Reflecting on the long history of scientific developments, one can see that certainties are rare and scientists often have to stand up to defend inconvenient truths or counter-intuitive facts. How uncomfortable scientists—not to mention the general public or funding agencies of the time—must have felt with the discussions on the existence of a new form of matter, the so-called antimatter, which was based on the mathematical solutions of the Dirac equation? How easily could physicists accommodate to Schrödinger’s uncertainty principle, which indicates that reality consists of a superposition of states that can exist with different probabilities. This is summarized in Schroedinger’s cat; a famous thought experiment that also introduced the key role of the observer. The early discussions that gave birth to the field of Quantum Mechanics offered certain inspiration but also valuable lessons for the future of fundamental physics. The list is endless and it is astonishing how far the scientific community has gone in adopting a new mindset - or a shift in scientific paradigm - that allowed some of the major breakthroughs but also important applications in our daily lives.

It is equally important to remember that the latest discoveries or theories that have widened our understanding of the world are not the final step in this journey of exploring the Universe. Whether radically new theories or more modest modifications are needed is something that remains to be seen and we have to be patient. Results from the LHC and cosmological experiments may shatter some of our past expectations. Moreover, future results of the LHC and other experiments -including non-accelerator experiments- may call for a fundamental change of scientific paradigm. We live in a period of turbulence of modern physics but we should not neglect that these have been the most fruitful periods in our field, presenting a number of challenges and new opportunities.

The results from the LHC - whether marked by a major discovery or not - are probably going to question our present understanding and some of the concepts that dominate the development of physics in the last decades. It is true that we enter in an era where we should remember the exploratory value of accelerators that can allow us to discover new phenomena. Science is not about offering certainties or confirming existing theories - no matter how attractive they seem - but about discovering the truth and gaining a deeper understanding on nature. As Professor Savas Dimopoulos notes: “Truth is both discovering new things and proving that some preconceptions, speculations, or theories are wrong. For example, the idea of the aether seemed plausible at a time, as it was logical to assume that electromagnetic waves need a medium, but it was disproved by the Michelson–Morley experiment. In this case, it was the non-discovery of something that created the big earthquake that led to relativity. Knowing what is false can be as important as knowing what is true.”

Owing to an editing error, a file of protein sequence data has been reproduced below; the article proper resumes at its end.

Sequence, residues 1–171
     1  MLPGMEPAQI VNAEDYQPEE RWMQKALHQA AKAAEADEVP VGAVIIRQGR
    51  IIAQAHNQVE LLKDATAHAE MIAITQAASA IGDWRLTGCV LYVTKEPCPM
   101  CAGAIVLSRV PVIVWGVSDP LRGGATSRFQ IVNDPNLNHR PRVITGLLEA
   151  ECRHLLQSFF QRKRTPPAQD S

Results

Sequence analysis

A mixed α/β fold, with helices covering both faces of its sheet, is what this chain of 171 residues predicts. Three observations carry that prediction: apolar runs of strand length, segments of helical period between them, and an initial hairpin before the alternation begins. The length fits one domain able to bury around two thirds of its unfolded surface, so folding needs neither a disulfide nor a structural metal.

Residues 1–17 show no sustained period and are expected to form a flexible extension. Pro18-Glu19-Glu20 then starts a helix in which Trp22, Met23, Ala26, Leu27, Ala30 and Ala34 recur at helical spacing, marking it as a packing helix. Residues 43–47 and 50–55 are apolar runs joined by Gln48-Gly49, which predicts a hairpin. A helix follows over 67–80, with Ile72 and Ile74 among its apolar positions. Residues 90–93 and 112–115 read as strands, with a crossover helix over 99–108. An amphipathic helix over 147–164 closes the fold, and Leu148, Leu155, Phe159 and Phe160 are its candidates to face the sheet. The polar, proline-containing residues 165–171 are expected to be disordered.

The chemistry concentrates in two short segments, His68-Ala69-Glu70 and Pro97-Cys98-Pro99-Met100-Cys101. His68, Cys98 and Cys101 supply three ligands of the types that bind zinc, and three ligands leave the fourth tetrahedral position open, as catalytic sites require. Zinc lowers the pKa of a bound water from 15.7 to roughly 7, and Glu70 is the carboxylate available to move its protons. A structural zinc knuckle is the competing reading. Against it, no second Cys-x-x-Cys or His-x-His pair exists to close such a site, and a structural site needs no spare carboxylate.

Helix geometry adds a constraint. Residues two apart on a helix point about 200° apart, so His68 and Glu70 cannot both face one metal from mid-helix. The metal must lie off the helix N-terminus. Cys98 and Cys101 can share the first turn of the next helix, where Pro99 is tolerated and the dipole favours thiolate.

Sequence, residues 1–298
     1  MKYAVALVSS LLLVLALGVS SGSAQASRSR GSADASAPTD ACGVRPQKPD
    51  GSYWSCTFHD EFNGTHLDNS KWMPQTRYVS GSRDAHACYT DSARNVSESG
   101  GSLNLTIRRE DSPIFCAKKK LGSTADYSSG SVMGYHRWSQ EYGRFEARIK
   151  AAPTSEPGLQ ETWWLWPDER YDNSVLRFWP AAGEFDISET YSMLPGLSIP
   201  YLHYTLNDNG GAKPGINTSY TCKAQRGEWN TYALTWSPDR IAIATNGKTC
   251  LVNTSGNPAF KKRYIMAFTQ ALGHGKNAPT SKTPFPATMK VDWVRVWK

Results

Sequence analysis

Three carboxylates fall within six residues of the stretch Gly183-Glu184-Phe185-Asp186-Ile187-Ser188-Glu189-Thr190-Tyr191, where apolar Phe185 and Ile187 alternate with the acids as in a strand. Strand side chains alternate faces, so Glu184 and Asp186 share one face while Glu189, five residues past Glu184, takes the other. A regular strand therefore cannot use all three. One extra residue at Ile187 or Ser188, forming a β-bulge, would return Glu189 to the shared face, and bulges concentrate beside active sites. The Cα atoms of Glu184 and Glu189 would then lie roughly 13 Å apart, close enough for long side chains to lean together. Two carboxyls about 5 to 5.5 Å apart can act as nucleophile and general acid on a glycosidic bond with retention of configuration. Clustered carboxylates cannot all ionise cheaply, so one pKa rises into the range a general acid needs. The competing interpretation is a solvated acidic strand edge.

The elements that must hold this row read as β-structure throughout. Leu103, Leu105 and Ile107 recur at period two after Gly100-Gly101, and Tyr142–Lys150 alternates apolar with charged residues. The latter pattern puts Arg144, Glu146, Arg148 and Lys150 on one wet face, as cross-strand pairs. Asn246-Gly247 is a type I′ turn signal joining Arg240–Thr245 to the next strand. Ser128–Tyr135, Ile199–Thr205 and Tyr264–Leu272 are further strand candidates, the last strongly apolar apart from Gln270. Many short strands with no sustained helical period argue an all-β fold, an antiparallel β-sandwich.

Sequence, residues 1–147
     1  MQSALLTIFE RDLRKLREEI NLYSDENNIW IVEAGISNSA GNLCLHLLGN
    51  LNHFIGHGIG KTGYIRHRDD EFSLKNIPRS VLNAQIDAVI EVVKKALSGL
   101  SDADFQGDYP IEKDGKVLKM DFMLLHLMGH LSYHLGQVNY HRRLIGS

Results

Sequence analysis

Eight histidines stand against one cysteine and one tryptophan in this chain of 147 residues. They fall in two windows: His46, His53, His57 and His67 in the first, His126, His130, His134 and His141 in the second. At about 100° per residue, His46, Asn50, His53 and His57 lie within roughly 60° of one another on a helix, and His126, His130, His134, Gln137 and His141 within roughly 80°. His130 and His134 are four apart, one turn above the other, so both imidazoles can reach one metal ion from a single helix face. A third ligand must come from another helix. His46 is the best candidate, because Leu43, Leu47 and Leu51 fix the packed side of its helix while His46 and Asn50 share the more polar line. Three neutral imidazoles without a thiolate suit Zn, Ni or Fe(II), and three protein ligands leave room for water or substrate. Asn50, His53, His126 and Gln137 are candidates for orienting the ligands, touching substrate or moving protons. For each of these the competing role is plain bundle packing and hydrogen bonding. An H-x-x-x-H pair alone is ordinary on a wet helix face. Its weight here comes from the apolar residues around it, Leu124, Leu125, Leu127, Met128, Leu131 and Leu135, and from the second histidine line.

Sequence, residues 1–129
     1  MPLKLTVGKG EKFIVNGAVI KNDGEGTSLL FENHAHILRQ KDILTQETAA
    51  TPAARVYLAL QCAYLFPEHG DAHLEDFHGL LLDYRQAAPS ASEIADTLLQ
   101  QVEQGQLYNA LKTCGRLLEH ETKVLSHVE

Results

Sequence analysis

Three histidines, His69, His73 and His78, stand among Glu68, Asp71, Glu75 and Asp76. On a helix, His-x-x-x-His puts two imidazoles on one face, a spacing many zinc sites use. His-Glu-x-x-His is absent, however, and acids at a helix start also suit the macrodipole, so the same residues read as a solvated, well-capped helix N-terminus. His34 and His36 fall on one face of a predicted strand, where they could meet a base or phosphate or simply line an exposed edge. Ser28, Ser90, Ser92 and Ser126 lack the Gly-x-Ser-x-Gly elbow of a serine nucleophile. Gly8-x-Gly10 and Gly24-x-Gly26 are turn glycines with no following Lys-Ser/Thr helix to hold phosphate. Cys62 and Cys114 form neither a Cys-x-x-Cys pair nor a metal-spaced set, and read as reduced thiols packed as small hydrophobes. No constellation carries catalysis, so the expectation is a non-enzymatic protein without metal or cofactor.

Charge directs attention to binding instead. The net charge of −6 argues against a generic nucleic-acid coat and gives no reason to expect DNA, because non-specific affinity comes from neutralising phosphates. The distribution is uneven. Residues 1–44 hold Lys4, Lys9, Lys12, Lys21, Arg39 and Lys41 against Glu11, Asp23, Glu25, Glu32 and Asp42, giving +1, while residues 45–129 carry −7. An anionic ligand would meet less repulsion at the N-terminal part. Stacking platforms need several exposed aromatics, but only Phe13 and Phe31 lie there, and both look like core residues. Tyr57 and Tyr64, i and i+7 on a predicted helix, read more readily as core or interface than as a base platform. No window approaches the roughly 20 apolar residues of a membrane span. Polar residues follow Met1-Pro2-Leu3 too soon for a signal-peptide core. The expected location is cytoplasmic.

Today, fundamental physics is closely linked to humanity’s effort to explain the world and position itself in it. In that sense it has a profound impact on contemporary societies at a political, cultural, sociological, and ontological level. Modern experimental collaborations transcend national boundaries, a few physicists —Albert Einstein comes to mind— have achieved a celebrity status, and new discoveries make us reconsider our place in the Universe. Meanwhile, the machines we build to steal a glance at the great mysteries of nature, such as hadron colliders and particle detectors, celebrate humankind’s most admirable qualities: curiosity, persistence, and thirst for knowledge for the sake of knowledge, rather than for technological advancements it offers and the power and wealth that accompany them.

Outstanding questions in fundamental physics can only be successfully addressed through the variety of approaches that the global physics community has developed over the years.  We are possibly at the threshold of a new era in modern physics following the numerous observations from various fronts that seem to open more and more questions. This calls for considerable investment in new technologies and large-scale research infrastructures to offer new insights and allow to continue the scientific progress. As James Peebles, one of the pioneers of modern cosmology comments in the hand-in-hand development between fundamental physics and novel technologies: "Our understanding of nature has advanced in step with technological developments. The role of technology in the natural sciences, or curiosity-driven science is important. Astrophysics and HEP experiments that take place today thanks to the latest exciting advancements wouldn’t be possible few years ago. Of course technology is not the entire answer. Discoveries also need fresh ideas and concepts that can be tested either by developing new technologies or by finding new uses for old technologies”.

For many years, the development of larger and more powerful accelerators has been the way to address the open questions. One should not forget in the long course of the 21st century the role of accelerators in observing new phenomena that eventually led to a more fundamental understanding and thus a more accurate description of nature.